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Factbox: Alzheimer's: why early diagnosis is key

HONG KONG (Reuters) - Alzheimer’s disease is the most common type of dementia and it affects memory, thinking, behavior and emotion. It is important to diagnose it early so that the person and caregivers can prepare to cope with it.

Here are some facts about the disease:

* What is it?: Alzheimer’s disease is an irreversible, progressive brain disease that slowly destroys memory and thinking skills, and eventually even the ability to carry out the simplest tasks. In most people with Alzheimer’s, symptoms first appear after age 60.

* Symptoms: loss of memory, difficulty in finding the right words or understanding what people are saying, difficulty in performing previously routine tasks, personality and mood changes. By the final stage, the brain would have shrunk significantly. People with severe Alzheimer’s cannot communicate and are completely dependent on others for their care. Near the end, the person may be in bed most or all of the time as the body shuts down.

* Affected population: 10 percent of people over the age of 70 and up to 30 percent of those over 80.

* Risk factors: Age, strong family history of dementia, excessive alcohol consumption, head injury. Risk factors for heart disease such as high blood pressure, diabetes, smoking and being overweight seem to increase the risk of getting dementia.

It seems that people who keep their brains active may be at less risk of developing dementia. Reading, engaging in a hobby such as playing mahjong, bridge or chess, or doing crosswords and word puzzles may help to reduce risk.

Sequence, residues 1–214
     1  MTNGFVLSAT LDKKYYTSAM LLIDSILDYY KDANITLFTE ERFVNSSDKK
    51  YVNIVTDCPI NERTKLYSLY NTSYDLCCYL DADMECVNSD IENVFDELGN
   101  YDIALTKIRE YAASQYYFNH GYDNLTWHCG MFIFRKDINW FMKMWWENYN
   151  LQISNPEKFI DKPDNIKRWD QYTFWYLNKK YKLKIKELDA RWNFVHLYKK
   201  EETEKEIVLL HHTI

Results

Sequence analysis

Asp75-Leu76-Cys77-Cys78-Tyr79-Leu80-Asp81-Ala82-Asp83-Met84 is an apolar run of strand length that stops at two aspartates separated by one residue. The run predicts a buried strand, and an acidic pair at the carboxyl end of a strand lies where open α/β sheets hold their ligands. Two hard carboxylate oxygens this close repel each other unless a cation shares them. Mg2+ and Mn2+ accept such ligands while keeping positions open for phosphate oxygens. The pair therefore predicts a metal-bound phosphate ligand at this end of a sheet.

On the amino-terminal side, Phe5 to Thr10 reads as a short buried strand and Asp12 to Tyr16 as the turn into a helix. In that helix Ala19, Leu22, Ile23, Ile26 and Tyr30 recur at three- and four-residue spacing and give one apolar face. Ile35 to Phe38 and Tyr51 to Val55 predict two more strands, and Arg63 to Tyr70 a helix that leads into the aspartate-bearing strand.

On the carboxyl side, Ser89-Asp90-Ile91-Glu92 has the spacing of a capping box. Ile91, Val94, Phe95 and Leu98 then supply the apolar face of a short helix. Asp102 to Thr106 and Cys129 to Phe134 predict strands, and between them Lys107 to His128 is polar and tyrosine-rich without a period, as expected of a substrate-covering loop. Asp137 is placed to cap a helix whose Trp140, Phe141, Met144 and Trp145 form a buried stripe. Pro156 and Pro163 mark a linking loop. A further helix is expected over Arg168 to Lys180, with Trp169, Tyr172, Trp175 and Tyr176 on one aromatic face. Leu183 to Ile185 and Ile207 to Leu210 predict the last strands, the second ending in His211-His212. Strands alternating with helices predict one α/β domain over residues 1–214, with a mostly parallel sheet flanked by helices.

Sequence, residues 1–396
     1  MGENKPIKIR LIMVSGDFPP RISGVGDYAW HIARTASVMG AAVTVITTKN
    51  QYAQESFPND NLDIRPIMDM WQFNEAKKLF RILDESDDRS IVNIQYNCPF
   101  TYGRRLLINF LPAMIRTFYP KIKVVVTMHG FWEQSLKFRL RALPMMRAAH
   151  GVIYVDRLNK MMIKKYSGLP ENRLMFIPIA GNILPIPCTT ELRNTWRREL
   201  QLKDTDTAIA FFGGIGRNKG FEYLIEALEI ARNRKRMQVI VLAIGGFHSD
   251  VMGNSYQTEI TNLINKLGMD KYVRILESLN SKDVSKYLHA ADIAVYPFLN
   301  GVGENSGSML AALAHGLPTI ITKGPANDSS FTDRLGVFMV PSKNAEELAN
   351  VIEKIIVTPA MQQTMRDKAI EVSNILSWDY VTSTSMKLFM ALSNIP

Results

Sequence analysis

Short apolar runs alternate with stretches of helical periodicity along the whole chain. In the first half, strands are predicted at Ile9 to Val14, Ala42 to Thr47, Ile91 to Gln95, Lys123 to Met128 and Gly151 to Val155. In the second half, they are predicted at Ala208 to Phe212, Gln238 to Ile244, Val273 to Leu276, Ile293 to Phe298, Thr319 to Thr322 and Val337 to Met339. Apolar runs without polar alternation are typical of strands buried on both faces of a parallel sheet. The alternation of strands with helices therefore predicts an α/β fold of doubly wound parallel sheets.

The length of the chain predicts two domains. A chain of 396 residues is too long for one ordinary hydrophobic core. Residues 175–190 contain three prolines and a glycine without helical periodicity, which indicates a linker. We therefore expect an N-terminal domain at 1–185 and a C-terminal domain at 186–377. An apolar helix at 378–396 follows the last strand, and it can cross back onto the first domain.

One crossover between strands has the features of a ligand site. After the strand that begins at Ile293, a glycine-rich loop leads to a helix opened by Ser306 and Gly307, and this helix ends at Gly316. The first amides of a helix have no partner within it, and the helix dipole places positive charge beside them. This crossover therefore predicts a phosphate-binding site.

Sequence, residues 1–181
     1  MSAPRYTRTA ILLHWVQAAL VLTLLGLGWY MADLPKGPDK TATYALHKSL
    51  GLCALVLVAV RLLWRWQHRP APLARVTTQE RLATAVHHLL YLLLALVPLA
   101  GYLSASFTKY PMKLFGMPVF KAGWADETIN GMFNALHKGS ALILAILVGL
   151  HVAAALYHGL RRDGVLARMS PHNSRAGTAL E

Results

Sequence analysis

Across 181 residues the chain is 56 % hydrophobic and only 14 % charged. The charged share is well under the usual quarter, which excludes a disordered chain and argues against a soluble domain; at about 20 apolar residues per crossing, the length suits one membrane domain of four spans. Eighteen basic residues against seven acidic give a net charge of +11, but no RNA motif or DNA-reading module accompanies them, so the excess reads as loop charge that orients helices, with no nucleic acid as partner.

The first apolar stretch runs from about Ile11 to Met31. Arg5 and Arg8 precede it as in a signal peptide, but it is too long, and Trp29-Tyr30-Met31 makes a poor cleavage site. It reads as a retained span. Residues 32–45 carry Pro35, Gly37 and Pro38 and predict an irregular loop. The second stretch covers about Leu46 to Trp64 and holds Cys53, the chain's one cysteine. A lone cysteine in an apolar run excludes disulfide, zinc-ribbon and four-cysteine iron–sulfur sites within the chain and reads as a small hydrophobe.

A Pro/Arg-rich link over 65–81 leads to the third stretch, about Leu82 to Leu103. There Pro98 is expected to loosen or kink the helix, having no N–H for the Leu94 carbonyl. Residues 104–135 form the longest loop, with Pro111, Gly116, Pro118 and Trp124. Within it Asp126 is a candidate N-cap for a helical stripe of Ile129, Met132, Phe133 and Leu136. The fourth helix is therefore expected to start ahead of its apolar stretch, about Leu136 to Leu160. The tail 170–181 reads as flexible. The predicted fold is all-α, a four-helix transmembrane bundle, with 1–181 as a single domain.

* Diagnosis: A reasonably accurate diagnosis of dementia can be made by taking a careful history of the person’s problem from a close relative or friend, together with an examination of the person’s physical and mental status.

There is no simple test to make a diagnosis and dementia can only be confirmed with certainty by examining the brain at post mortem. When making a diagnosis, it is important to exclude other treatable conditions that cause memory loss, like depression, urinary infection, vitamin deficiency and brain tumor.

* Importance of early diagnosis: Early diagnosis enables caregivers to prepare and be better equipped to cope with the disease progression.

It provides people with dementia with an opportunity to make decisions about their financial and legal affairs before they lose the ability to do so. It gives patients a better chance to benefit from existing treatments.

* Treatment: There is now no cure for Alzheimer’s disease or for most other forms of dementia. Nor can one be expected in the near future.

Researchers are developing drugs that will slow down the progression of the disease, at least in some cases. They do not know how to prevent the disease, how to stop its progression, or how to reverse its effects.

There are a few drugs that can slow down the progression of the disease in some cases for periods of six to 18 months. But they are not a cure and can only stabilize some symptoms of early to mid stage Alzheimer’s disease for a limited period.

Other kinds of drugs are sometimes useful for controlling some symptoms, such as sleeplessness and agitation. However, their use should be kept to a minimum as they can cause increased confusion.

Source: Alzheimer’s Disease International, US National Institutes of Health

Reporting by Tan Ee Lyn